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Economic coercion unlikely to stop Pakistan from backing militants

A Pakistani army soldier stands guard along with border fence at the Pak-Afghan border near the Punjpai area of Quetta in Balochistan on May 8, 2018.
A Pakistan Army soldier stands guard along the Pakistan–Afghanistan border fence near the Punjpai area of Quetta on May 8, 2018. Photo: Banarasa Khan/AFP via Getty Images

Earlier this year, the Trump administration suspended most security assistance, including Coalition Support Funds (CSF), to Pakistan and led the charge to place the country on an international terrorism-financing watchlist, beginning next month.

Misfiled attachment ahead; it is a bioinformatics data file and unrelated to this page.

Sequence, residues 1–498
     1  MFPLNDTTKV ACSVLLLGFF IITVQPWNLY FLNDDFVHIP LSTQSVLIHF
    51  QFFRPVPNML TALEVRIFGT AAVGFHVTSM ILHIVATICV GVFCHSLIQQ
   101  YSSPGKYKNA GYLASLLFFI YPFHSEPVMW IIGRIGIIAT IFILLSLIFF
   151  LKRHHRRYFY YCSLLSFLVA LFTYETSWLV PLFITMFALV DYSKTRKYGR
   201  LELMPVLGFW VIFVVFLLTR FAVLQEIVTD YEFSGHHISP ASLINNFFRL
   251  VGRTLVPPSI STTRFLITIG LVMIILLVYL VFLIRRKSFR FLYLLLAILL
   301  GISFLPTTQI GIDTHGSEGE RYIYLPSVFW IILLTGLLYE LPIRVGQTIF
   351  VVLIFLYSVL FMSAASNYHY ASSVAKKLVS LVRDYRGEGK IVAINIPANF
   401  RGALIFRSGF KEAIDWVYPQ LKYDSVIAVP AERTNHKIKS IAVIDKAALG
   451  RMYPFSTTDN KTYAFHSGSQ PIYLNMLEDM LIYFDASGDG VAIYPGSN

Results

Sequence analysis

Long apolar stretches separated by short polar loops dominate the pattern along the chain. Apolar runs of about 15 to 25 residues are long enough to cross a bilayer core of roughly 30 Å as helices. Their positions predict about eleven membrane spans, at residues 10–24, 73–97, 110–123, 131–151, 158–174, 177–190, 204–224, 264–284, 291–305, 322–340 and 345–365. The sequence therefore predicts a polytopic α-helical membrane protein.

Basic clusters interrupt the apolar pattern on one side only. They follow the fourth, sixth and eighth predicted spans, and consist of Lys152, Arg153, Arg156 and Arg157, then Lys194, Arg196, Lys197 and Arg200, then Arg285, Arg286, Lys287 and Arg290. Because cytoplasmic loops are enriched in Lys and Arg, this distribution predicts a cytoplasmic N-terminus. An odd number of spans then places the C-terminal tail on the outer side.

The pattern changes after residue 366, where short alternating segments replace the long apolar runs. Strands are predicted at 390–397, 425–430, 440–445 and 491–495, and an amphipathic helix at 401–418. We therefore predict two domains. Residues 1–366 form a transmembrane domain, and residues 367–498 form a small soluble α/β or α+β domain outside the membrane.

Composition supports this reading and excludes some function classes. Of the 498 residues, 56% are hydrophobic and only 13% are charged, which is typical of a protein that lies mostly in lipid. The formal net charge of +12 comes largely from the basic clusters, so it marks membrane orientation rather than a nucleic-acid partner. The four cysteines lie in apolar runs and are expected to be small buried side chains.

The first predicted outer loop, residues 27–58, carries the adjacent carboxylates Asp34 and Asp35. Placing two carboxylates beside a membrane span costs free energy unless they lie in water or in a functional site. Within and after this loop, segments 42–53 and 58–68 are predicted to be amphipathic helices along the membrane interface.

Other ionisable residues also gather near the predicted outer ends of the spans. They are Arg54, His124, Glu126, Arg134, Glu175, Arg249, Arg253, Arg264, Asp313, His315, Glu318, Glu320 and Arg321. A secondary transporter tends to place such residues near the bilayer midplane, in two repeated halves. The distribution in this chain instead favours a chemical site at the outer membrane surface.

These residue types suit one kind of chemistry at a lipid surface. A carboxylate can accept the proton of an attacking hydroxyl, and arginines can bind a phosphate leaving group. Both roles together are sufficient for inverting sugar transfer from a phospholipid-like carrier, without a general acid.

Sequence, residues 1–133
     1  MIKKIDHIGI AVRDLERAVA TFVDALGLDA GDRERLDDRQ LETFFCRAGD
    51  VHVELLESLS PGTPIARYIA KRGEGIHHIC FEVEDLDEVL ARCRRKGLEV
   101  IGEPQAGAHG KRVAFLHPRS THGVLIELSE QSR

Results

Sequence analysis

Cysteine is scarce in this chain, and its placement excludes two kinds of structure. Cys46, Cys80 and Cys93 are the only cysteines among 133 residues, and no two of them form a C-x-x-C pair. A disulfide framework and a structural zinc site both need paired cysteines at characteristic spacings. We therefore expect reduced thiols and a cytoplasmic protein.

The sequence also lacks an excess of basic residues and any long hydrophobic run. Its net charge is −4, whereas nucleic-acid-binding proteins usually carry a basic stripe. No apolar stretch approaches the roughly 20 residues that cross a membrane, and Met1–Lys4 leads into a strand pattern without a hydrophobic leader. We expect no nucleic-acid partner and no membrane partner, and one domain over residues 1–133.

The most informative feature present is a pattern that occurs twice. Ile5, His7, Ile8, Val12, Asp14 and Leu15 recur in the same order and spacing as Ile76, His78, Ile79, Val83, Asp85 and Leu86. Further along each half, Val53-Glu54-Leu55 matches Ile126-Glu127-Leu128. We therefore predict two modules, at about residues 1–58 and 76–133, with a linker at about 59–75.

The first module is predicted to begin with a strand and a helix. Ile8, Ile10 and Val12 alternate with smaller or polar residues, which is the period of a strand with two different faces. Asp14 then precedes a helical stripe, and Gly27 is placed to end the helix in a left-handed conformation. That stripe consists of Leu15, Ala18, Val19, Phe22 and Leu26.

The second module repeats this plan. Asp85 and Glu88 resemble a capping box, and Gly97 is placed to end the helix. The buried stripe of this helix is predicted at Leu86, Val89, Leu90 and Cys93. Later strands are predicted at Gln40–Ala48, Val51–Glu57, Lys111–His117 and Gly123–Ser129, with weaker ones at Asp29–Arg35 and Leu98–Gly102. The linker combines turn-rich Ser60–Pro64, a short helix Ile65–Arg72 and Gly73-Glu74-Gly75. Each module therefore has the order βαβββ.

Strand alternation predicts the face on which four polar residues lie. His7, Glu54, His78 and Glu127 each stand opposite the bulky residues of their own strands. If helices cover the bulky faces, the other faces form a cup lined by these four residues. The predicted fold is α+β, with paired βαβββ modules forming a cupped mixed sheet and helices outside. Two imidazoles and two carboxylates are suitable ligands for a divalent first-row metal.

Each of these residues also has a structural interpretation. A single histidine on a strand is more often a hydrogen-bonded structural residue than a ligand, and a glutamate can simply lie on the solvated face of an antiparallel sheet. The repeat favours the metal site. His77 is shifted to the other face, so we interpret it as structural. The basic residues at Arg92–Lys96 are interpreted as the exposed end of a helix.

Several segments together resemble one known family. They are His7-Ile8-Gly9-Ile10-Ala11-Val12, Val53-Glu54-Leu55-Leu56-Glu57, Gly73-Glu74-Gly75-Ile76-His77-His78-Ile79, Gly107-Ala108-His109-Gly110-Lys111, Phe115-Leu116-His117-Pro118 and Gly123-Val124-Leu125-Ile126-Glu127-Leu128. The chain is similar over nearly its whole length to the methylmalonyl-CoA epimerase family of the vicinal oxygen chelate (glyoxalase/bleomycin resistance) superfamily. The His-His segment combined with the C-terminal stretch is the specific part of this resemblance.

Why it matters: The ineffectiveness of U.S. sanctions after Pakistan’s 1998 nuclear tests — coupled with China’s emergence as Pakistan’s financial benefactor — suggests coercive measures are unlikely to compel Pakistan's army to cease backing militant networks that target U.S. forces in Afghanistan.